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May I sue Facebook, Twitter, or other social-media companies for violating my First Amendment or free-speech rights?

No!

Please read this. The First Amendment restricts governmental action only.

We are contacted frequently by people complaining that Facebook, Twitter, Intagram, or other private corporate social-media companies supposedly violated their "free-speech" or "First Amendment" rights. This might be by social-media companies blocking them, or applying seemingly selective and arbitrary standards about posts. These potential clients want us to "sue" these social-media companies for them.

The answer is "no." The answer is always "no." Not if you expect to get anything out of it, anyway.

Facebook, Twitter, and Instagram are private companies. They are not "the government." They can set their own rules on speech, and even enforce them whimsically, and there's nothing you can do about it. You have no constitutional rights against private social-media companies. None. A court that tried to do something about it would be violating those companies' right to free speech. And conservative judges have ruled—and conservative politicians have insisted—that private corporations have a right to free speech.

Others contact us complaining that some private store violated their "free-speech" rights by requiring face masks during the pandemic, or barring political speech of one kind or another, or barring political speech generally.

There's nothing we can do about that legally, even if a client paid hourly rates out of pocket for the project. We couldn't even file a complaint on that issue in good faith, the issue is so crystal-clear in the law. For some reason, there are broad misconceptions in the public about this—an assumption that we are free to say anything anywhere, anytime, in any forum, even privately run ones.

That's just not true.

If potential clients can show us clear evidence that private, non-governmental actors are acting in concert or conspiracy with government actors to restrict speech—a very high evidentiary bar, we might be able to bring a civil-rights-conspiracy claim. But that would be a rare exception to the rule above. The evidence would have to be strong.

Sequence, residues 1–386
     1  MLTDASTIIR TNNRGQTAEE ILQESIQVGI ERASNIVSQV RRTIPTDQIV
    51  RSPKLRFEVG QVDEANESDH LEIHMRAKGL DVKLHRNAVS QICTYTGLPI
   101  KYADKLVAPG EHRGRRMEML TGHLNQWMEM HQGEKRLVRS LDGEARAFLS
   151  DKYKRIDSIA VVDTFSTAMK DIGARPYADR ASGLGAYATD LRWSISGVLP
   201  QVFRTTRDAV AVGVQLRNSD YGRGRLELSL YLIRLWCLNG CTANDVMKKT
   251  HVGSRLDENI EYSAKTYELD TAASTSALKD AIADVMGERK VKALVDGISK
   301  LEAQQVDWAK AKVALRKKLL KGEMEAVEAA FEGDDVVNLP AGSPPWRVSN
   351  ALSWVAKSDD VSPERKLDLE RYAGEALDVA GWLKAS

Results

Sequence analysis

So we do not sue Facebook or Twitter over their inconsistently enforced or unfair censorship policies, "bullying," their bias, or whatever. No matter how you try to dress up your beef with those companies over their behavior with your posts, you likely have no remedies, absent congressional action to regulate the industry as modern-day utilities. (And even that might be constitutionally suspect.)

Sometimes people contact us and tell us we are "wrong" about this, and that we should "go back to law school."

Well, alrighty, then.

We understand that being mistreated by social-media companies is upsetting. But we don't make up bedrock, well-established principles of constitutional law. If people are so confident that they have free-speech cases, they can bring those cases themselves. Because they won't find competent civil-rights or constitutional lawyers willing to do so.

By the way, Facebook, Twitter, and other social-media companies have terms of service that mandate you go to arbitration, in their states, with arbitrators they've picked. So good luck with that too.

Please do not contact us about this. Please just share this blogpost and help educate your fellow Americans about how the First Amendment applies to government action only. Perhaps together we can help cure this civics-lesson deficiency with the public. Thank you.


Related Practice Areas
Constitutional lawFirst AmendmentGovernment ethics, misconduct, fraud, & abusePolice misconduct & brutality

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